Automakers are teaming up all over the world to prepare for the next big game in clean transportation, fuel cells.
The latest partnership is between Audi and Hyundai, which announced yesterday that they will share resources to develop fuel-cell vehicles.
The two said that the first fruit of this partnership will be a full-size Audi crossover SUV planned to go into production in small numbers “in the beginning of the next decade,” perhaps as early as two years from now. Reading between the lines, it could be a fuel-cell version of the upcoming electric Audi e-tron SUV.
Hyundai has been an early adopter of fuel-cell technology, releasing the Tucson fuel-cell vehicle in California in 2013, and it plans to release its next-generation Nexo fuel-cell SUV next year. Neither Audi nor its parent Volkswagen has yet produced a fuel-cell car for public consumption.
Audi board member for Technical Development Peter Mertens called fuel cells “the most systematic form of electric driving,” and “emission-free premium mobility of the future.”
The announcement follows another last month in which Honda and GM, two of the historic leaders in fuel-cell development (alongside Toyota), announced that they would partner in developing fuel cell vehicles.
First 2015 Hyundai Tucson Fuel Cell delivered to lessee at Tustin Hyundai, June 2014
Two fuel-cell vehicles are currently on sale in California, the Toyota Mirai, and the Honda Clarity Fuel Cell. (The Hyundai Tucson fuel cell is on hiatus for 2018.)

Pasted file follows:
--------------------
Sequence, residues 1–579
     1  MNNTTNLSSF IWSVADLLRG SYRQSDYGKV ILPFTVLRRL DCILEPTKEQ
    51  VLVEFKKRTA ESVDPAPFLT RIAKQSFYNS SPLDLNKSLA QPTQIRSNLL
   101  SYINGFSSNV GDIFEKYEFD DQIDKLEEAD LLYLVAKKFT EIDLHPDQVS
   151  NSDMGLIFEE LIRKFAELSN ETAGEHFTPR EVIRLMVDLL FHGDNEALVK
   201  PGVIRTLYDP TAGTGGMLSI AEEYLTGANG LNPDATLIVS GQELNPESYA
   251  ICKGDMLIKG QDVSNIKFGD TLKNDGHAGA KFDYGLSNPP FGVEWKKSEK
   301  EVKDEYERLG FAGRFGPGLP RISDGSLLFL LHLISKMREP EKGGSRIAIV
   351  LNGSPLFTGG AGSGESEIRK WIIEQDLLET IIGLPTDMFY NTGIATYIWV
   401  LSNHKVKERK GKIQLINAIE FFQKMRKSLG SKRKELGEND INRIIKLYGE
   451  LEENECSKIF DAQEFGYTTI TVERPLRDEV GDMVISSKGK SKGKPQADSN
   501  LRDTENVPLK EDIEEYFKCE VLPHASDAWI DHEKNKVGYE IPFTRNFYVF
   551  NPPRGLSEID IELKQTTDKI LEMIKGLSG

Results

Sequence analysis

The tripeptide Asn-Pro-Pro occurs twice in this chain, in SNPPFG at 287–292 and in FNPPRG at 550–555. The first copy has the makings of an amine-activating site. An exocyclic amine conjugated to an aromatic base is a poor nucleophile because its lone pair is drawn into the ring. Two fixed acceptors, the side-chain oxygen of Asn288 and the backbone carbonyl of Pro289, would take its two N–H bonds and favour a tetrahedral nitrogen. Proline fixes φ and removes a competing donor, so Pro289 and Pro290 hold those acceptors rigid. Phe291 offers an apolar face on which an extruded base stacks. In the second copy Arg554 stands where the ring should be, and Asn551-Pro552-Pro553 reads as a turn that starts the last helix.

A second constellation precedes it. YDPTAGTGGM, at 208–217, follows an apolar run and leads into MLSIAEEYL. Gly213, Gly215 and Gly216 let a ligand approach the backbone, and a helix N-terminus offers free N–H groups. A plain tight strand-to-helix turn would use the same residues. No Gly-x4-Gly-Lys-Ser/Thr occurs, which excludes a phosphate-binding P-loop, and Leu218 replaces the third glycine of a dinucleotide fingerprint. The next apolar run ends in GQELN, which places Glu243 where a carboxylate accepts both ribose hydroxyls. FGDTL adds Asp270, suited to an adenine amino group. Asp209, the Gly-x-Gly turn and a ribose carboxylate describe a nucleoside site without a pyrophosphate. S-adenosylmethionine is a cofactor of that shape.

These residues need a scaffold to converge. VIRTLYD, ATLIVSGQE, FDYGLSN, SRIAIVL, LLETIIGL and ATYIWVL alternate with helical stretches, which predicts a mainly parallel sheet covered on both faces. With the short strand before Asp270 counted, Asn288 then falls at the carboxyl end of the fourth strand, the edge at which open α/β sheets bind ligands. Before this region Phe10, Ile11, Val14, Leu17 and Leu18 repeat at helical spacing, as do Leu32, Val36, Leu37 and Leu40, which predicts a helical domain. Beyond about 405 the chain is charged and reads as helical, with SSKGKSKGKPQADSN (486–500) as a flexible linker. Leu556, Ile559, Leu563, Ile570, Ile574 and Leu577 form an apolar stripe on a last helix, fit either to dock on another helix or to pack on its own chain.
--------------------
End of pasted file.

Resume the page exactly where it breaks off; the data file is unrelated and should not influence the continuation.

California is working to encourage the construction of hydrogen filling stations and has about 35 stations operating around the state. No other state currently has any hydrogen filling stations open to the public.
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The potential advantage fuel-cell cars have over battery electric cars is their ability to refuel quickly for more than 300 miles of range on a fill-up. Merten’s statement may indicate that at least some automakers are planning to market fuel-cell vehicles as a premium upgrade to battery electric cars based on their fast refueling and their ability to make spur-of-the-moment long trips.
Building out a network of hydrogen filling stations, however, is still a massive challenge, especially in light of longer-range battery electric cars and 350-kw fast chargers coming online.